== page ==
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Title: Investigating the activation mechanism of discoidin domain receptor 1 using advanced microscopy techniques
Author: Corcoran, David Stephen
ISNI:       0000 0004 8504 5178
Awarding Body: Imperial College London
Current Institution: Imperial College London
Date of Award: 2018
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The discoidin domain receptors (DDR1 and DDR2) are unusual receptor tyrosine kinases (RTKs) that function as collagen receptors and regulate cell migration, adhesion, and differentiation. Ligand binding to the extracellular region of RTKs results in kinase activity and autophosphorylation of tyrosine residues on the intracellular side. For most RTKs, the molecular mechanism of receptor activation involves ligand-induced dimerisation. However, the DDRs exist as constitutive dimers in the absence of collagen. In addition, it is thought ligand-induced conformational changes within the DDR dimer cannot be transferred to the intracellular side. The DDRs also activate very slowly, over hours rather than seconds to minutes as is typical for other RTKs. As such, the DDRs employ a unique activation mechanism that is currently poorly understood. In this thesis, I investigate the activation mechanism of DDR1 using various microscopy techniques. DDR1 was found to be distributed on the cell surface in distinct puncta that are dependent on specific transmembrane interactions. Collagen is known to bind to a binding trench on the extracellular discoidin domain of DDR1, and here the data show collagen binding requires another site, the conserved "signalling patch" residues, which may be a secondary collagen binding site or a site for DDR1-protein interactions essential for collagen binding. Within 5 minutes of collagen binding, DDR1 redistributes on the cell surface, and over 60 minutes of stimulation DDR1 increasingly aggregates. DDR1 phosphorylation correlates with the increasing aggregation. In addition, the aggregation results in DDR1 molecules moving within 10 nm of each other, and preliminary experiments suggest this occurs between DDR1 dimers. Ligand-independent aggregation of DDR1, through incubation with a pentameric IgM antibody, also results in DDR1 phosphorylation. This thesis supports an activation mechanism where collagen binding promotes DDR1 aggregation between DDR1 dimers, which may be required for phosphorylation to occur.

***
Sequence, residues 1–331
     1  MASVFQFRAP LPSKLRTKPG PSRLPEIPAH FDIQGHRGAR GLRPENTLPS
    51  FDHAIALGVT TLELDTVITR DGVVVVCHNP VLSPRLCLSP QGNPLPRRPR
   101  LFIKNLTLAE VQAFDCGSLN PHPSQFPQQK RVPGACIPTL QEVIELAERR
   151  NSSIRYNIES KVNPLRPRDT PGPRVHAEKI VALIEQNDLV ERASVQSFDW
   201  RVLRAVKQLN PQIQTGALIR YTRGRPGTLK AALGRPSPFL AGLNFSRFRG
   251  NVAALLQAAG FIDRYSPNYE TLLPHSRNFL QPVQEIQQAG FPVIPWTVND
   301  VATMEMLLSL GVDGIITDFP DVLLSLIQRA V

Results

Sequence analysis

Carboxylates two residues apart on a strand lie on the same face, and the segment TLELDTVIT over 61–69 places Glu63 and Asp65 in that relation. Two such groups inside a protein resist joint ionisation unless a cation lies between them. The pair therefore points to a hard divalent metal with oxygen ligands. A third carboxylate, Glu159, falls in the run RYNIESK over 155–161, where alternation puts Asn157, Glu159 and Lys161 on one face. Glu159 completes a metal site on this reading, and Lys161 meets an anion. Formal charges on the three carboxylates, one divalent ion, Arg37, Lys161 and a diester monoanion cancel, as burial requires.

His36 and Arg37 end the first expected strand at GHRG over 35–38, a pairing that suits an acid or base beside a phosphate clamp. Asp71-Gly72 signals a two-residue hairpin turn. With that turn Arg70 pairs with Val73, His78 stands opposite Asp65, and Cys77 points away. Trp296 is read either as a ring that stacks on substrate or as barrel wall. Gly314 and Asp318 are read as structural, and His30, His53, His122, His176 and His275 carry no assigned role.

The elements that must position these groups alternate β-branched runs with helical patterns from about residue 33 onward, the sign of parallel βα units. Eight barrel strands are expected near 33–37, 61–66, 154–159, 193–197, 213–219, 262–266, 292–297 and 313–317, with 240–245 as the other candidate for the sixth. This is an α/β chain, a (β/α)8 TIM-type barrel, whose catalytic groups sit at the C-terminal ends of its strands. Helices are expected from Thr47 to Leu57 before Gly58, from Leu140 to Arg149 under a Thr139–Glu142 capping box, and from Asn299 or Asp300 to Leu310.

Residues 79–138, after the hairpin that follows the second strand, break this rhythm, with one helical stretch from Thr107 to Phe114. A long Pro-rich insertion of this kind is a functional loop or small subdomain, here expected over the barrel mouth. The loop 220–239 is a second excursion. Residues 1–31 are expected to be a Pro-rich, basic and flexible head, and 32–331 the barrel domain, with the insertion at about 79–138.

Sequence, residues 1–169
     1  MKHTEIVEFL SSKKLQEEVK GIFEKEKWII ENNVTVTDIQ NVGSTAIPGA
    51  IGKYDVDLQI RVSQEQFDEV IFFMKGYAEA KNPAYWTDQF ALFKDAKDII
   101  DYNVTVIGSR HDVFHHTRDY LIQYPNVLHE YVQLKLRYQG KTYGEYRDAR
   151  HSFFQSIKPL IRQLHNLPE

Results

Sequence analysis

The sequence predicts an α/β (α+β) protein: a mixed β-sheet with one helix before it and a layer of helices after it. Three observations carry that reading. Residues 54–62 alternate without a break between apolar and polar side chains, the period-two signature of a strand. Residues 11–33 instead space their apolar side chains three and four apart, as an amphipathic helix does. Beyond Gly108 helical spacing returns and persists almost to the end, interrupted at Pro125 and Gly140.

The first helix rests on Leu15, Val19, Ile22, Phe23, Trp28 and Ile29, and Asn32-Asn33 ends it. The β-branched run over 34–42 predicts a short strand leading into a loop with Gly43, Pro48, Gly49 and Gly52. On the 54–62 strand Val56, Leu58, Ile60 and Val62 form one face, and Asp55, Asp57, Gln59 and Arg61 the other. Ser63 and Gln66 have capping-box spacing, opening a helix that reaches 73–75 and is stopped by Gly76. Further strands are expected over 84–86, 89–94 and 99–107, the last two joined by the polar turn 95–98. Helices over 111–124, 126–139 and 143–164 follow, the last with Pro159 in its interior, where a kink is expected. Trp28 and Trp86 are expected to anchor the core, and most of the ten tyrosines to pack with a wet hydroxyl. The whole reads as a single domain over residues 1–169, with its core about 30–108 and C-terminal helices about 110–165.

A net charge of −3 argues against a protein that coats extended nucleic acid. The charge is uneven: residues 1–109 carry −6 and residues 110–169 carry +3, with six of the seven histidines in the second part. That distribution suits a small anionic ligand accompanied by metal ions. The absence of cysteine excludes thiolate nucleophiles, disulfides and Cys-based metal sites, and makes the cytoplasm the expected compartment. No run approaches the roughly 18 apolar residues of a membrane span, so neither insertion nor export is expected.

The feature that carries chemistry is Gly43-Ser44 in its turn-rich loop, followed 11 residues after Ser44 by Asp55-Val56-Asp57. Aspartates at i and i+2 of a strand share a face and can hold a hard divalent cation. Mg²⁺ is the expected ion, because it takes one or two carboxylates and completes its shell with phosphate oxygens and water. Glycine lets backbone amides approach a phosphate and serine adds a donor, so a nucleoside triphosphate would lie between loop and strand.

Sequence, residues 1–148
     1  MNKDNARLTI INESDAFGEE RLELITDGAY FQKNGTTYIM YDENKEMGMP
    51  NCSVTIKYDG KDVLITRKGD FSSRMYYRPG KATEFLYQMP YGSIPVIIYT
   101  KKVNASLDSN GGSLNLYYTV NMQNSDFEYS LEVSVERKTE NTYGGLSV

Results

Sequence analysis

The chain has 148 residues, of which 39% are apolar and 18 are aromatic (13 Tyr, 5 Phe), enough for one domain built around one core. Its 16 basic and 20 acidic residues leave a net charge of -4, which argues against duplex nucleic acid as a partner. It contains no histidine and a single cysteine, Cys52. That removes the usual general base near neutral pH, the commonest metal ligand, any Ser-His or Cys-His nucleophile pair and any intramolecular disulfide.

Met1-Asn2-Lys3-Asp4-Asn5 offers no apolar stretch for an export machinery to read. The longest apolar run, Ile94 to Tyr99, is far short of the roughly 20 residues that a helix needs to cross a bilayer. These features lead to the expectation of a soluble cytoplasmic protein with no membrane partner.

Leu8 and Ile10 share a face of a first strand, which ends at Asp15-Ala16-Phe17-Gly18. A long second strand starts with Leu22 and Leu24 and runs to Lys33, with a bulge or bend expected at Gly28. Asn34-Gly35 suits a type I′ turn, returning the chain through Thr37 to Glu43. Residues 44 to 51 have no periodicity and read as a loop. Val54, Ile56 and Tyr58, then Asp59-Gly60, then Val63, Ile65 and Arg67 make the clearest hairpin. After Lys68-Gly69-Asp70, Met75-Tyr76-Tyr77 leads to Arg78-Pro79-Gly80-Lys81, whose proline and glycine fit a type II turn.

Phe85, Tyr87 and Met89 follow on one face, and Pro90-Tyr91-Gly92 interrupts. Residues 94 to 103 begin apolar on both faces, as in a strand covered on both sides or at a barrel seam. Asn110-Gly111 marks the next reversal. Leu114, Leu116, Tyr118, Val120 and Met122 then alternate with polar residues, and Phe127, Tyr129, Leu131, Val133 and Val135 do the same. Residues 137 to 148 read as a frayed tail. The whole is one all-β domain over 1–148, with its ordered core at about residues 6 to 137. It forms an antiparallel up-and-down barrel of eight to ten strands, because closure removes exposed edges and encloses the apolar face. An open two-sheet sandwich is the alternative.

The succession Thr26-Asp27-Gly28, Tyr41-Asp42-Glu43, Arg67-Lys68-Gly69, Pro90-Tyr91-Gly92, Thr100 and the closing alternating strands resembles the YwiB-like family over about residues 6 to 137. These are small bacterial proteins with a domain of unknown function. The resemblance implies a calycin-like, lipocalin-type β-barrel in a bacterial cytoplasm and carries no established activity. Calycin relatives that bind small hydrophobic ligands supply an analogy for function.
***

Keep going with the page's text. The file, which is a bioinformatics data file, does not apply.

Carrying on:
Supervisor: Leitinger, Birgit ; Ying, Liming Sponsor: National Heart and Lung Institute
Qualification Name: Thesis (Ph.D.) Qualification Level: Doctoral